The report also found that every dollar invested in preventative road maintenance saves $10 to $25 in costly future rehabilitation work, said Abby Albrecht, director of the Utah Transportation Coalition.

The organization is a group of business and civic leaders advocating specifically for transportation infrastructure investment to protect Utah's environment, improve the economy and preserve the quality of life.

"Our cities and county officials have been grappling with deteriorating roads and funding," Albrecht said. "Now we have hard data on just how much of an impact this has on an average Utahn. The costs of doing nothing in this case are far higher for the average Utah family than the proposed voter-approved local option, which would only cost a penny for every $4."


If the voters approve it, that should provide much of the funding necessary for local communities to improve the quality of their roads. Nobody likes a tax increase, but this one goes directly to pay for those (roadway) assets, and if we don't maintain them, they will be more costly in the future.

–Rep. Johnny Anderson (R-Taylorsville)


HB362 authorizes a county to impose a local-option sales and use tax of 0.25 percent for roads and public transit. The bill's chief sponsor, Rep. Johnny Anderson, R-Taylorsville, noted that voters must first endorse the proposed tax at the ballot box.

"If the voters approve it, that should provide much of the funding necessary for local communities to improve the quality of their roads," Anderson said. "Nobody likes a tax increase, but this one goes directly to pay for those (roadway) assets, and if we don't maintain them, they will be more costly in the future."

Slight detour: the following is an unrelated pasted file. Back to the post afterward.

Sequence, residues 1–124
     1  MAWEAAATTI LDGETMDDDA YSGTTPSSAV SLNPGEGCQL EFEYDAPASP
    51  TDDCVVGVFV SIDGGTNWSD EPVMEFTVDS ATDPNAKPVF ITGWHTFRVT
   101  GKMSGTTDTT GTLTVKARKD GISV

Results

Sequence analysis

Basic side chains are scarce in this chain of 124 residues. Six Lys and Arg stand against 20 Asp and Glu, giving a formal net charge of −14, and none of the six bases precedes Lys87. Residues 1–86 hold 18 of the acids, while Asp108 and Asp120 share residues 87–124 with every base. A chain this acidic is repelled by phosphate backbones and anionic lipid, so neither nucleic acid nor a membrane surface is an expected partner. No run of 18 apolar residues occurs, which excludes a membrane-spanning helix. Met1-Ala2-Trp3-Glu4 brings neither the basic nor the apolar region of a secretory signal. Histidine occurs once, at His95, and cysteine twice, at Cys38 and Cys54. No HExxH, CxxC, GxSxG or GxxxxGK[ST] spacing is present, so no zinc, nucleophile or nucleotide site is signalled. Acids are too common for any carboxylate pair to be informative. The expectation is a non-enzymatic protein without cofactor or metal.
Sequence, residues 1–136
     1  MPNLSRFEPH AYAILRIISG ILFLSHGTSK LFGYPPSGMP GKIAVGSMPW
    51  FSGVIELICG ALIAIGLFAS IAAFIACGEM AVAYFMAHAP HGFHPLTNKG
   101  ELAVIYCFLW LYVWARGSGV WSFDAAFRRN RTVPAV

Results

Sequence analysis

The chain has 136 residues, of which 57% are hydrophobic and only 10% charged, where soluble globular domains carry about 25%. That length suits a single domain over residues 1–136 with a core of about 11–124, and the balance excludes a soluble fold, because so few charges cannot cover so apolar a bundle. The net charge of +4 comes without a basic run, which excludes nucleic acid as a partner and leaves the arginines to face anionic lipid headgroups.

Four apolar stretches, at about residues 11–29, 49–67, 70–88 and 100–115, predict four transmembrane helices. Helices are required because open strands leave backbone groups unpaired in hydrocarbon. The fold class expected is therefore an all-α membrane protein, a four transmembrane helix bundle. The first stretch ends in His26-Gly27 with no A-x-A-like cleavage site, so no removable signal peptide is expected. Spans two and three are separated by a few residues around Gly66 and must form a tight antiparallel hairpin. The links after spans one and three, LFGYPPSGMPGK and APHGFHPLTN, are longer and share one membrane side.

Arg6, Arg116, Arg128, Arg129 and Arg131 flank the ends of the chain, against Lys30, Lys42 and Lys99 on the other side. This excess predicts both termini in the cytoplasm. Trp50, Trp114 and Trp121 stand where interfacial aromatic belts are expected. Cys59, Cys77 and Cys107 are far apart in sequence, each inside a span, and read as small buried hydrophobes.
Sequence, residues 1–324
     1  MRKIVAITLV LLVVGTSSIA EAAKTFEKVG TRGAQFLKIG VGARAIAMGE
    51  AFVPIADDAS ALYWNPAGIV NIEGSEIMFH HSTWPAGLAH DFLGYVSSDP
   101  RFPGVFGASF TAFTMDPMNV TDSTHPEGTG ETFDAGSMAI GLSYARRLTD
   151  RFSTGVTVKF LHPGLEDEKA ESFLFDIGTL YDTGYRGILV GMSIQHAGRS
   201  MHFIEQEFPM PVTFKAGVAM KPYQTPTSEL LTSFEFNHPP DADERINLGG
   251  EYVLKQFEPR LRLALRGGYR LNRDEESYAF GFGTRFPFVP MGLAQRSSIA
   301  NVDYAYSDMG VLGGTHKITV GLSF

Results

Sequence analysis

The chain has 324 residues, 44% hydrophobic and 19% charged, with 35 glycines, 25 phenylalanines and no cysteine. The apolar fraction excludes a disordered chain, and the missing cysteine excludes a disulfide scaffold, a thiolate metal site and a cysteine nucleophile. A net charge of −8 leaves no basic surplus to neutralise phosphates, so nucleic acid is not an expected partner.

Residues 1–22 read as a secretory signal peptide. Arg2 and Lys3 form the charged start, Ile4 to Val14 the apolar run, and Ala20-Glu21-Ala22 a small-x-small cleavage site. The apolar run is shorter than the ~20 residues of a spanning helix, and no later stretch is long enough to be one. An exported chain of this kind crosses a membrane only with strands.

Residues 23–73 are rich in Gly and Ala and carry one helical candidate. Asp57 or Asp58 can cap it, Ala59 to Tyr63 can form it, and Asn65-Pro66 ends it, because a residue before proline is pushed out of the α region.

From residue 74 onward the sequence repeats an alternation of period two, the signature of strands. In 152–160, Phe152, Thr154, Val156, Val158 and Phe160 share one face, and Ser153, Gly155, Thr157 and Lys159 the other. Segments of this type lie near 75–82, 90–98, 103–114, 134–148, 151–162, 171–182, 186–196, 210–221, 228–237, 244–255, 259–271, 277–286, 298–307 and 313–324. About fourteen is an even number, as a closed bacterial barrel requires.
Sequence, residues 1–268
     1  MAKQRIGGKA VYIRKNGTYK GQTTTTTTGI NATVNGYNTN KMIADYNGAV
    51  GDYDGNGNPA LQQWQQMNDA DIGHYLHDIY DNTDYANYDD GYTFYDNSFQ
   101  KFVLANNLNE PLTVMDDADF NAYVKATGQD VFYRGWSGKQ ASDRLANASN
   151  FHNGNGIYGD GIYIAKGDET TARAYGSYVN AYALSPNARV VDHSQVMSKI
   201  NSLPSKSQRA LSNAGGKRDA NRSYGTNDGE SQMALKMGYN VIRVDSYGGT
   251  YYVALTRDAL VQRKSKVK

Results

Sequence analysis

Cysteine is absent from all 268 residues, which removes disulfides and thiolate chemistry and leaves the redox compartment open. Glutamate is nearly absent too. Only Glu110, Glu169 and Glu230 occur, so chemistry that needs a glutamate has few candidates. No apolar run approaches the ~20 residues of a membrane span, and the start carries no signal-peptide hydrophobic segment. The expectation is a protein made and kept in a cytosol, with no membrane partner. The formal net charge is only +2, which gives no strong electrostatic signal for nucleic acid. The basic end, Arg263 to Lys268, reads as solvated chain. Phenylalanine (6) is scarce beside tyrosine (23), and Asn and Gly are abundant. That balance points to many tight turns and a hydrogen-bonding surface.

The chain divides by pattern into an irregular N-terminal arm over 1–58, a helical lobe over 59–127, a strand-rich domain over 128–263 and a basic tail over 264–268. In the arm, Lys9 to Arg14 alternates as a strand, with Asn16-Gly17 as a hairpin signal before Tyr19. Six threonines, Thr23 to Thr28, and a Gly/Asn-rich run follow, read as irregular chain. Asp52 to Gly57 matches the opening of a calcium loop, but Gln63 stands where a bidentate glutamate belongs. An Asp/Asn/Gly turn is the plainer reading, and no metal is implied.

The Salt Lake County Council will address the issue during its meeting Tuesday. If placed on the ballot and backed by voters, the measure could generate nearly $54 million for transportation and infrastructure needs, Councilwoman Aimee Winder Newton said.

Though she has not decided whether to favor the increase just yet, Newton acknowledged that roads cost more taxpayer dollars when they are not properly maintained.

"Good transportation infrastructure directly impacts economic development and helps us maintain a healthy economy for years to come, which ultimately saves taxpayer dollars," she said. "Whether or not these things can be funded through more conservative government spending, or if we need to increase the sales tax to pay for these things, is what (we) hope to figure out in the coming weeks and months."

Other Wasatch Front counties are contemplating similar initiatives, but ultimately it will be up to voters to determine if they want to pay to improve local driving conditions and reduce the long-term environmental impacts, Albrecht said.

"We want to make sure that roads are maintained, our air quality is clean, traffic congestion is low," she said, "and the only way we're doing to do that is to continue to invest."

Contributing: The Associated Press